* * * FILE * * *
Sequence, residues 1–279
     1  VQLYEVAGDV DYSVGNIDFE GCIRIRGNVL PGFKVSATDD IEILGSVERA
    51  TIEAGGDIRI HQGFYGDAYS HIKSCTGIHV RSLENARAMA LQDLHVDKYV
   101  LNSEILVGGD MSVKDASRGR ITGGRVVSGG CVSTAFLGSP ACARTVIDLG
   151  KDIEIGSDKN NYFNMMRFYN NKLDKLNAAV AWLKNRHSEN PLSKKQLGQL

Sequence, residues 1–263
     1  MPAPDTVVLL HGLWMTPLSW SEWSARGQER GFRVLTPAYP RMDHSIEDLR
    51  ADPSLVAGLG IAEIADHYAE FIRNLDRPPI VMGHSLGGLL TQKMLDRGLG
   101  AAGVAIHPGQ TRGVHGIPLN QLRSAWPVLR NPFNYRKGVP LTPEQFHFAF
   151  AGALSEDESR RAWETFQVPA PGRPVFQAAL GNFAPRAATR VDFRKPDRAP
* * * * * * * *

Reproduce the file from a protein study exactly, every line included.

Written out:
Sequence, residues 1–279
     1  VQLYEVAGDV DYSVGNIDFE GCIRIRGNVL PGFKVSATDD IEILGSVERA
    51  TIEAGGDIRI HQGFYGDAYS HIKSCTGIHV RSLENARAMA LQDLHVDKYV
   101  LNSEILVGGD MSVKDASRGR ITGGRVVSGG CVSTAFLGSP ACARTVIDLG
   151  KDIEIGSDKN NYFNMMRFYN NKLDKLNAAV AWLKNRHSEN PLSKKQLGQL

Sequence, residues 1–263
     1  MPAPDTVVLL HGLWMTPLSW SEWSARGQER GFRVLTPAYP RMDHSIEDLR
    51  ADPSLVAGLG IAEIADHYAE FIRNLDRPPI VMGHSLGGLL TQKMLDRGLG
   101  AAGVAIHPGQ TRGVHGIPLN QLRSAWPVLR NPFNYRKGVP LTPEQFHFAF
   151  AGALSEDESR RAWETFQVPA PGRPVFQAAL GNFAPRAATR VDFRKPDRAP